Mary Creagh - Speech to the Oxford Farming Conference 2012
Oxford Farming Conference speech
4 January 2012
22 years ago I walked through these doors to see my degree results. My heart certainly beat a little faster again as I walked through them this morning!.
I began my life as an MP by presenting the Children's Food Bill to Parliament. It had 4 aims –
a ban on junk food advertising during children's TV programmes;
Removing junk food vending machines from schools;
Nutritional standards for school meals;
And lessons in cooking and growing food for all school children.
All of those aims were met by the last government. But as a new backbencher, I never imagined that one day I would be addressing the nation's farmers as the Shadow Defra Secretary so thank you for this opportunity.
Food is one of the defining political issues of this century. Food security is on the agenda like never before.
Last June, the G20 held its first ever agricultural ministers summit in Paris.
Your conference is grappling with the global challenges that will define the decade to come. And I know that farmers really do grasp the nature and scale of those challenges.
This morning I want to look at 4 key areas
First, the role for farming and the food industry in creating the green jobs that we need for the economic recovery
Second the environmental challenges of producing more food sustainably, and our need to achieve a zero-food waste economy
Third the issue of domestic food poverty and how we ensure that no-one goes hungry in 21st century Britain
Fourth the threat posed by commodity speculation and the need to prevent a system-wide failure in our global food supply chain
First, the role of farming and food in stimulating the economic recovery and the need for a fair and competitive marketplace
Food and drink is the largest manufacturing sector in the UK, with a turnover of £76.2 billion, employing 400,000 people across the UK. Yet it is often forgotten or neglected in favour of more “sexy” manufacturing, cars, helicopters and advanced engineering.
I pay tribute to Mary Mead of Yeo Valley who has been recognised by the Queen for her dynamic approach to innovation in the farming and food sector. And for those cheeky adverts which are putting the fun back into farming!
Labour's five point plan for jobs and growth wants to see investment in food and farming: supporting skills and apprenticeships; helping businesses access bank finance; and bringing forward investment on critical infrastructure such as rural broadband to access new markets.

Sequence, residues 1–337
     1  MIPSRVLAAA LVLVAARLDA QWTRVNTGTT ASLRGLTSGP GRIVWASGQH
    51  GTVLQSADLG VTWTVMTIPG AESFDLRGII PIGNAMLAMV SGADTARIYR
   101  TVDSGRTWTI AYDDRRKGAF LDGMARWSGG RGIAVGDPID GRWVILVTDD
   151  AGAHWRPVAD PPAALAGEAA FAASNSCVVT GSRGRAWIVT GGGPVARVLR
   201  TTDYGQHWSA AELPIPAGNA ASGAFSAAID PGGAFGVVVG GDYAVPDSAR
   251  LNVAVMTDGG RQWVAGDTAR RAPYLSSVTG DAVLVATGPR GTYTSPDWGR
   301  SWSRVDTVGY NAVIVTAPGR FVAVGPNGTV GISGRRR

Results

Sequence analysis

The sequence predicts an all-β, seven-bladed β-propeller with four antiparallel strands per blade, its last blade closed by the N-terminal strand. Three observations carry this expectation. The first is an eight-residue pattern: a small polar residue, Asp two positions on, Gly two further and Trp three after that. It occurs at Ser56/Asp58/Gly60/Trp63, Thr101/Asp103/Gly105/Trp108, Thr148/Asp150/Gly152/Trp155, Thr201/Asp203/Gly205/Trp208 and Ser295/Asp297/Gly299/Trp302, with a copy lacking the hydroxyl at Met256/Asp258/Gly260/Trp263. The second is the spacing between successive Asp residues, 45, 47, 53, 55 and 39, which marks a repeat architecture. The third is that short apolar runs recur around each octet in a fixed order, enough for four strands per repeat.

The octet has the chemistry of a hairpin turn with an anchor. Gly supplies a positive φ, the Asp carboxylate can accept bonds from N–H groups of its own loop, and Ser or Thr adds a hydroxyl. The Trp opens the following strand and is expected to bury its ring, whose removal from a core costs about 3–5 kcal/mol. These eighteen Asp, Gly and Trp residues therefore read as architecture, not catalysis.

We want to see a fair and competitive supply chain for growers, processors and retailers.
That is why Labour in Government got cross-party agreement on the need for a Groceries Code Adjudicator to ensure a fair deal for farmers and producers. But we are worried by Government delays which mean that the adjudicator will probably not be up and running until 2014/15.
The Government has lofty aspirations about „buying British; but has failed to deliver on its promises. It spends £2 billion a year on food and is well placed to support British farmers and food standards through procurement.
Yet Defra's latest figures show that the department bought less than a third of its food from British sources in 2011. That must change.
The abolition of battery cages in the EU was, in large part, down to the push from UK consumers. It is disappointing that the government have not worked with the food industry to give consumers clarity on non-battery eggs. Our egg farmers have invested millions in the changeover. It is only right that they should reap the rewards.
Which is why my colleague, shadow farming Minister Huw Irranca-Davies is working with egg producers and the food manufacturing industry to produce a list of “good egg” users. The big society in action.
Fairness is a two way street however. We were disappointed that the government abolished the Agricultural Wages Board. It will take £90 million from the sick pay and holiday pay of low paid agricultural and horticultural workers over the next 10 years.
That money will leech out of the rural economy where those workers live. Out of the pubs and post offices, the local shops
and farm businesses, depressing the rural economy at a time when spending is already squeezed.